Purpose – The purpose of this paper is to introduce a novel direction of enquiry into predictions of employee turnover through the application of a qualitative method adapted from marital research. This method focuses on diagnosing the relationship, and has been able to predict divorce with an accuracy of over 90 per cent, as opposed to existing turnover prediction methods’ modest success of about 30 per cent. By demonstrating that the method can be applied to turnover research, this study completes a seminal step in developing this promising direction of enquiry. Design/methodology/approach – The Oral History Interview method for predicting divorce is adapted to employment settings, and tested on Australian legal and healthcare employees. A qualitative analysis of their responses maps the results from this inquiry onto separation-predicting processes identified in marital research. The results are compared to turnover data collected two years later. Findings – Similar relational processes exist in marital and employment relationships when the marital relationship diagnostics method is applied to organisational settings, demonstrating the utility of this tool in the employment context. Preliminary turnover data indicate that some relational processes are significantly associated with employee turnover. Research limitations/implications – Future research should examine the predictive power of this tool on a larger sample, and apply it to a wider range of professions, tenure, and positions. Practical implications – The results indicate that it is viable to diagnose an employment relationship using this diagnostics method developed in marital research. Social implications – The novel perspective offered in this paper has potential to greatly improve this employment relationship across jobs and organisations, thus improving organisational productivity and individual wellbeing. Originality/value – Researchers of employee turnover and practitioners seeking to understand and manage it can benefit from this novel and practical perspective on employment.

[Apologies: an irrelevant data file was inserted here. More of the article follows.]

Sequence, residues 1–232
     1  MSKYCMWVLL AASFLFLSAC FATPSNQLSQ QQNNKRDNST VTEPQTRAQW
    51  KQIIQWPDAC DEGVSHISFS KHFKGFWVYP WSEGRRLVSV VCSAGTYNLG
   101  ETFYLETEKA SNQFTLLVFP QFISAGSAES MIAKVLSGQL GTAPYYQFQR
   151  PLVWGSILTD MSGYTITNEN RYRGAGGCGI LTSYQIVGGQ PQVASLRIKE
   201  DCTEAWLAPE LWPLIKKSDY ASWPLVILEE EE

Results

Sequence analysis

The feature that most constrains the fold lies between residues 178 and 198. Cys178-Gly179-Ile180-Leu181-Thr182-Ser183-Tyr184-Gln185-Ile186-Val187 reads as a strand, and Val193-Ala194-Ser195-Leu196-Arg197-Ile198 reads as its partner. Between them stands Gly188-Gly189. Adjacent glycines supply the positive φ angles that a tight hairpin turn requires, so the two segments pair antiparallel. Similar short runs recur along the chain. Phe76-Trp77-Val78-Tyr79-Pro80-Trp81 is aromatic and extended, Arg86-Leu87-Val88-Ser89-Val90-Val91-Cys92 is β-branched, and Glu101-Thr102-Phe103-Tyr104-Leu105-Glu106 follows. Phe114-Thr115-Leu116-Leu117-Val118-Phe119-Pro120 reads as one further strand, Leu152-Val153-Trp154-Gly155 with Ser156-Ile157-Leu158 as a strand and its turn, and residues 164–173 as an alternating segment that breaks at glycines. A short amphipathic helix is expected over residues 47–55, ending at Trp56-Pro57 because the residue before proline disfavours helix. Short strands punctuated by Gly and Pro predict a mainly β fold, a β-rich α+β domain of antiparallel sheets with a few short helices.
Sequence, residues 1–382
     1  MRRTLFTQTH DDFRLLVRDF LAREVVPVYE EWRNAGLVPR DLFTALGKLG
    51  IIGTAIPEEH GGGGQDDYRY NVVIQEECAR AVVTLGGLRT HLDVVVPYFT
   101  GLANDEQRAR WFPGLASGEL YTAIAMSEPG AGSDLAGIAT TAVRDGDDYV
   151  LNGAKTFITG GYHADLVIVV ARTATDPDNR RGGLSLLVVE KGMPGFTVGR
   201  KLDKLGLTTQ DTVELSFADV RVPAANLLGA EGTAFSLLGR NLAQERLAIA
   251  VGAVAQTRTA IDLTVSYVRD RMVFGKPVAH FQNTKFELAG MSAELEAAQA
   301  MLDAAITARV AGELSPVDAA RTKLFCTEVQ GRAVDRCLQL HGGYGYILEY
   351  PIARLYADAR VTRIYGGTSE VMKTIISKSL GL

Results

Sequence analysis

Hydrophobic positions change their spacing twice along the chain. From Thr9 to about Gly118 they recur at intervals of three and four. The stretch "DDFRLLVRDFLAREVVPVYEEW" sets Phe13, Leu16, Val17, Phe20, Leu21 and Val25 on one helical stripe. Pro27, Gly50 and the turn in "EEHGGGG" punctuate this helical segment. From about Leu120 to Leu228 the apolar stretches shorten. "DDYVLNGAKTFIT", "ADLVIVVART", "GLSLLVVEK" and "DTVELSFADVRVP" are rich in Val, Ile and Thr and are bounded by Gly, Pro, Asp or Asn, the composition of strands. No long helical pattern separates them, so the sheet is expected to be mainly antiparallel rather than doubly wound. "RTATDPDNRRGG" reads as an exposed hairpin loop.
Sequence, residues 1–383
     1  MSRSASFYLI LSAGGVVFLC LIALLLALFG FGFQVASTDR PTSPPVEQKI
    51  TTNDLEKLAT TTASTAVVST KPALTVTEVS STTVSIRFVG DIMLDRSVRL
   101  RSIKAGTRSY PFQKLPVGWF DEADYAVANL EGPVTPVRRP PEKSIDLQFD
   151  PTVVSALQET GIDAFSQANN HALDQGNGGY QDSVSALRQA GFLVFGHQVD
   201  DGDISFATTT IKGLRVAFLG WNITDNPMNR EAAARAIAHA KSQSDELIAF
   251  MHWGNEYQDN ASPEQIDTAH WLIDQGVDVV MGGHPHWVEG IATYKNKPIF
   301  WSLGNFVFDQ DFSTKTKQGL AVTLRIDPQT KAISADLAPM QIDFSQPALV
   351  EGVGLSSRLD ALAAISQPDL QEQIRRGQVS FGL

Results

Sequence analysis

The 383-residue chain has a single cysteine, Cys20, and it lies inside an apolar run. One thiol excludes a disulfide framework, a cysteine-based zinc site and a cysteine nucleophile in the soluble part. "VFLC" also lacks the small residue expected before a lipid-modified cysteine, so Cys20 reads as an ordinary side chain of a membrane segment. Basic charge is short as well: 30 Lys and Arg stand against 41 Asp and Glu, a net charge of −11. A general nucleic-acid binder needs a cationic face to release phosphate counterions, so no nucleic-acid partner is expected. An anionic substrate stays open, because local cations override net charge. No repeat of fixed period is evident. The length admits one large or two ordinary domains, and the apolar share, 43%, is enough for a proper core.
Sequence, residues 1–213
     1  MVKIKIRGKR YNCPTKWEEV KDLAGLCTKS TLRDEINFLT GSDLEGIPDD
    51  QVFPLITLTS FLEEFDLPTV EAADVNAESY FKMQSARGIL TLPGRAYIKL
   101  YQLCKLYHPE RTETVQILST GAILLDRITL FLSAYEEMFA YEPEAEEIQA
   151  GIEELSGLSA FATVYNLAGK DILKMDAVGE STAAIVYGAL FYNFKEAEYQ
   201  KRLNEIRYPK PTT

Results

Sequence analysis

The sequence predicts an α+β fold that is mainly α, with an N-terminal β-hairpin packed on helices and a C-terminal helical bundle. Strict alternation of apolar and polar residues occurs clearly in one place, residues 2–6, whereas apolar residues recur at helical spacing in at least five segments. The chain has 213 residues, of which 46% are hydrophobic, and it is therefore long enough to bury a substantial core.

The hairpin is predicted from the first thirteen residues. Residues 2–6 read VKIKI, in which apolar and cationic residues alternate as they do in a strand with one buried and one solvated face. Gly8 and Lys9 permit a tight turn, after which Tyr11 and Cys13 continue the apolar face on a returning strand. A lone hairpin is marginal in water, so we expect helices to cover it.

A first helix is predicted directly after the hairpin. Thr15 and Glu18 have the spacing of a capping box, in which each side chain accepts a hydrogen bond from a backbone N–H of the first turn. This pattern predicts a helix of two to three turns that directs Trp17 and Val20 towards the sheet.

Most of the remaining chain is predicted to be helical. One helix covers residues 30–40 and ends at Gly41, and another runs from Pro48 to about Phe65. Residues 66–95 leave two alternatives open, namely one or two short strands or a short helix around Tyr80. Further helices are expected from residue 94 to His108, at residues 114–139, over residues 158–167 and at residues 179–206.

Journal

Personnel ReviewEmerald Publishing

Published: Feb 2, 2015

There are no references for this article.

You’re reading a free preview. Subscribe to read the entire article.


DeepDyve is your
personal research library

It’s your single place to instantly
discover and read the research
that matters to you.

Enjoy affordable access to
over 18 million articles from more than
15,000 peer-reviewed journals.

All for just $49/month

Explore the DeepDyve Library

Search

Query the DeepDyve database, plus search all of PubMed and Google Scholar seamlessly

Organize

Save any article or search result from DeepDyve, PubMed, and Google Scholar... all in one place.

Access

Get unlimited, online access to over 18 million full-text articles from more than 15,000 scientific journals.

Your journals are on DeepDyve

Read from thousands of the leading scholarly journals from SpringerNature, Wiley-Blackwell, Oxford University Press and more.

All the latest content is available, no embargo periods.

See the journals in your area

DeepDyve

Freelancer

DeepDyve

Pro

Price

FREE

$49/month
$499/year

Save searches from
Google Scholar,
PubMed

Create folders to
organize your research

Export folders, citations

Read DeepDyve articles

Abstract access only

Unlimited access to over
18 million full-text articles

Print

20 pages / month